In follow-up to the previous article about the significance and universality of the Michaelmas celebration and the role of courage, I share some thoughts on a theme that was shared with me long ago, that of the archetypal journey. Moreover, we can look at not only the journey, but also the art of journeying itself.
Let us be clear about what I am saying, and start with "archetype". One definition that seems most fitting for my use of the word is the following:
Archetype: a recurrent symbol or motif in literature, art, or mythology.
As you can see, I am talking about the symbolic journey. In other words, what are the more universal aspects or qualities of "the journey"? We could be talking about an actual physical journey, such as one might take with a caravan across the desert. Certainly, we will find aspects of such a journey to be the expressions of the archetypal journey. On the other hand, we can also apply these archetypal qualities to something as simple as a commitment to follow an exercise plan for 12 weeks. We are not actually going on a journey from on place to another. Nevertheless, in this example, some of the archetypal qualities will be experienced on the inside, as more of an internal journey.
Lots of people have contributed to my understanding of the archetypal journey--too many to list. It is a subject, sometimes referred to as the "Hero's Journey" or the "Monomyth", that has been addressed by scholars, healers, theologians, philosophers, etc, etc. The complexity with which it has been addressed makes what I am about to share seem terribly over-simplified. My only alibi is to tell you up front that I am doing this, I am over-simplifying the subject. Sometimes, it is good to see the forest. Sometimes it is good to see all the trees. In this article, we look at the forest.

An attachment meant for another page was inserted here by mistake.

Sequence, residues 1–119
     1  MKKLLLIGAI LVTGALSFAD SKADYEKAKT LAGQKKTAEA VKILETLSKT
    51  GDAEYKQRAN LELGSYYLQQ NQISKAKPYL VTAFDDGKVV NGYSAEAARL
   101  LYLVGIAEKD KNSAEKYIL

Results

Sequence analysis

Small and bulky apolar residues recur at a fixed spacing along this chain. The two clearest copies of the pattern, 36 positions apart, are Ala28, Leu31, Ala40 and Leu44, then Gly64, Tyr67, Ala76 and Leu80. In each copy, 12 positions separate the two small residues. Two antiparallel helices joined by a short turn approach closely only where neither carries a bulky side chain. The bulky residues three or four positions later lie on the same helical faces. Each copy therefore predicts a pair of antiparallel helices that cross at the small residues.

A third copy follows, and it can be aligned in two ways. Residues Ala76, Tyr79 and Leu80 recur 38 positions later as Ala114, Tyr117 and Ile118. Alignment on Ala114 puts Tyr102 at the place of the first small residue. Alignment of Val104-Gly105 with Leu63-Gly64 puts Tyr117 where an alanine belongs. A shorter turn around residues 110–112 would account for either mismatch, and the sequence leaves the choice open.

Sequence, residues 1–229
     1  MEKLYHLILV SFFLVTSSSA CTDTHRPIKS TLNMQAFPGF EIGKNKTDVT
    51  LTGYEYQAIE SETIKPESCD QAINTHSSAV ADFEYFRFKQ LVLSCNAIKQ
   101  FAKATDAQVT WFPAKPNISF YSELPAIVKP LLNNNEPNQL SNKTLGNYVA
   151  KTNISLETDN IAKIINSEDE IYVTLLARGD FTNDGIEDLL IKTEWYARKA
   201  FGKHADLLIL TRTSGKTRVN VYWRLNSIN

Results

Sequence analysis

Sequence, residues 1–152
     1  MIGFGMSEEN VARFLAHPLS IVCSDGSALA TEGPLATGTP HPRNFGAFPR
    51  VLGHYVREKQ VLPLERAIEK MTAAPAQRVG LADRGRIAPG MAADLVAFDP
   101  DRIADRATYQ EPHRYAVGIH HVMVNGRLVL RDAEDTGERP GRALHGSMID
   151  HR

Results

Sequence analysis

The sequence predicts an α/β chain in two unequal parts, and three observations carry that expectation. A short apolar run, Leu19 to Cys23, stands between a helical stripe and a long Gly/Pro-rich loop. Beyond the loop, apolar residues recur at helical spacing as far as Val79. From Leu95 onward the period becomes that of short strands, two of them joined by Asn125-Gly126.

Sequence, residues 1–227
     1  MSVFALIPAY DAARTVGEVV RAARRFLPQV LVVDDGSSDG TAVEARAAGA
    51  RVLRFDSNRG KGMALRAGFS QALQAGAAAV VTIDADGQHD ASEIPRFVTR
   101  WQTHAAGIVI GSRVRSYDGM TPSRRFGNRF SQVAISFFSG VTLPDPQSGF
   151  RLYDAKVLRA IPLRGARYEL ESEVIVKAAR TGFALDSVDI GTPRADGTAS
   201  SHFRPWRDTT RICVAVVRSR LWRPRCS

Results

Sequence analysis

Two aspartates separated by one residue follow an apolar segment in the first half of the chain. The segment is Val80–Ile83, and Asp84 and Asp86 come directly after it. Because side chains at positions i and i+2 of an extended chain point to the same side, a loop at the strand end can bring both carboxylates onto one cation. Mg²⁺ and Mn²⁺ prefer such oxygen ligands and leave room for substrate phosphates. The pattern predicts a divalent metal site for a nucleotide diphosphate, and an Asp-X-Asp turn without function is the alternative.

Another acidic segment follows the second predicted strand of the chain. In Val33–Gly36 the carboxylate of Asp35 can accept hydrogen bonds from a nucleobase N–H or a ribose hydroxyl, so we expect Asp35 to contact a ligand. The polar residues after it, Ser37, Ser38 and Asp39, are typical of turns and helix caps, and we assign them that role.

We will call the person on the journey our "hero", in keeping with "the hero's journey." For some reason, usually one involving a sense of imbalance in the world--could be the loss of something valuable or the threat of potential injury to a form of innocence--the hero finds herself called upon to leave her known world. This known world could be her hometown, or some such confined space that has been familiar to her up to this point in life. The journey will take her into a new world, an unknown part of the world. Thus, there is absolutely no way that the hero can be fully prepared for the journey. She will encounter dangers, traps, and temptations. She will meet with elements and other beings which attempt to impede her progress. Likewise, she will also find that there are unexpected forms of aid, assistance, and guidance. Throughout the journey, the hero must call upon the right balance of caution and courage. In the Waldorf language, we would say the right balance of the willing forces to do and to go, the feeling forces to sense what is good and what is beautiful, as well as the thinking forces which can be logical and objective, helping the hero to determine what is right. Achieving this balance is part of the journey. No one has this at the beginning of the journey. That is easy enough to understand. What is perhaps more difficult to accept is that no one has it at the end either. In fact, we must accept that there is no end to the journey. There is only journeying.